Essays on Information Diffusion and Stock Markets
Burt, Aaron P.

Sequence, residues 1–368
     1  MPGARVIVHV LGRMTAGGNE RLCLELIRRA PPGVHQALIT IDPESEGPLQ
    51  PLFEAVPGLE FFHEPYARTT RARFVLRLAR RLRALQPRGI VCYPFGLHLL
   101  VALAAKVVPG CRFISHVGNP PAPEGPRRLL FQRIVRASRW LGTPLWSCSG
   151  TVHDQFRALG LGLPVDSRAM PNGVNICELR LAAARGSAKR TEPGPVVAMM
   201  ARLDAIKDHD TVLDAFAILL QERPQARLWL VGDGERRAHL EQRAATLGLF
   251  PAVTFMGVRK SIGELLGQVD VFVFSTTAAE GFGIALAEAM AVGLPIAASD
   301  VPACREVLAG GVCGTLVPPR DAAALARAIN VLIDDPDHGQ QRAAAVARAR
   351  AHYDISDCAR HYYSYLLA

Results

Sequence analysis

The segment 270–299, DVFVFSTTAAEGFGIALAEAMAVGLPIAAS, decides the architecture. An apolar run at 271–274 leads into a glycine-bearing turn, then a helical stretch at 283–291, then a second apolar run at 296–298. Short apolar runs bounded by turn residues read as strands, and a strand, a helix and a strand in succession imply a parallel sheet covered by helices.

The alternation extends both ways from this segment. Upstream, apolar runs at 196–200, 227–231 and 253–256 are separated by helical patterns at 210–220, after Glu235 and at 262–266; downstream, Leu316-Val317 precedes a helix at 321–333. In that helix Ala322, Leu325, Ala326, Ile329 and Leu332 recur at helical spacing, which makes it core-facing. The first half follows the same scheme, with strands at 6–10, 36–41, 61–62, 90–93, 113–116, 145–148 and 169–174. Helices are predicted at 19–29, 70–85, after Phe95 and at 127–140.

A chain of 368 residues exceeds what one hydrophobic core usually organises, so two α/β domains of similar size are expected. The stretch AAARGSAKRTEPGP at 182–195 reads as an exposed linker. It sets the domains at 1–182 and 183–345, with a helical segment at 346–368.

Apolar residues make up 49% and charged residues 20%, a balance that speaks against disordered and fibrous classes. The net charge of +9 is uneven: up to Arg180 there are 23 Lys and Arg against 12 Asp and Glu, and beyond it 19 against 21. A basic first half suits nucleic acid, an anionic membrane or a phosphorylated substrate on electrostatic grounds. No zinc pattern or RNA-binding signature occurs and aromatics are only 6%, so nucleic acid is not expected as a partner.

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My dissertation is a compilation of three separate research studies that explore how information diffuses in financial markets. The first chapter examines how non-uniform information diffusion through distinct networks segments U.S. financial markets. Using changes in newspaper ownership networks, I document that a network link between different geographic areas leads to increased comovement of turnover and returns between stocks headquartered in those areas. Consistent with delayed content sharing within a network, the largest increase in comovement is observed using weekly data. I show that the network-driven comovement is not driven by fundamentals and is weaker for large firms with high institutional ownership and decreases over time. I also document that a network link causes price levels of linked stocks to become more similar. My findings show that segmented information networks lead to segmented financial markets with implications for market efficiency, home bias, and the effects of changes in the U.S. media landscape on financial markets. The second chapter shows that investors do not fully monitor the information about directors available in the past prices of firms within the network the directors oversee. A long-short portfolio using this information yields an annual alpha of 6.6%. This predictability is limited to when firms share a director and is not driven by industry or previously identified economic links between firms. The predictability is largest in the long end, when small firms predict big firms, and when information on shared directors is costlier to obtain. Trading by the shared directors is a key mechanism: filtering on their trades increases the annual alpha to 15%. The third chapter studies the econometric properties of a commonly used network-based measure of information diffusion between economically linked firms. Previous studies use this measure to document failures of market efficiency with price discovery requiring up to a year. The measure is constructed as the long-short alpha of portfolios formed sorting on the preceding returns of firms economically linked to portfolio firms. We show that correlated alphas between linked firms bias these measures. Existing studies have monthly biases as large as a factor of two. This bias creates predictability even after price discovery completes. Subtracting the predicted return from the sorting firms' returns removes this bias. Eliminating this bias reveals a more efficient market than previously documented: price discovery takes one month.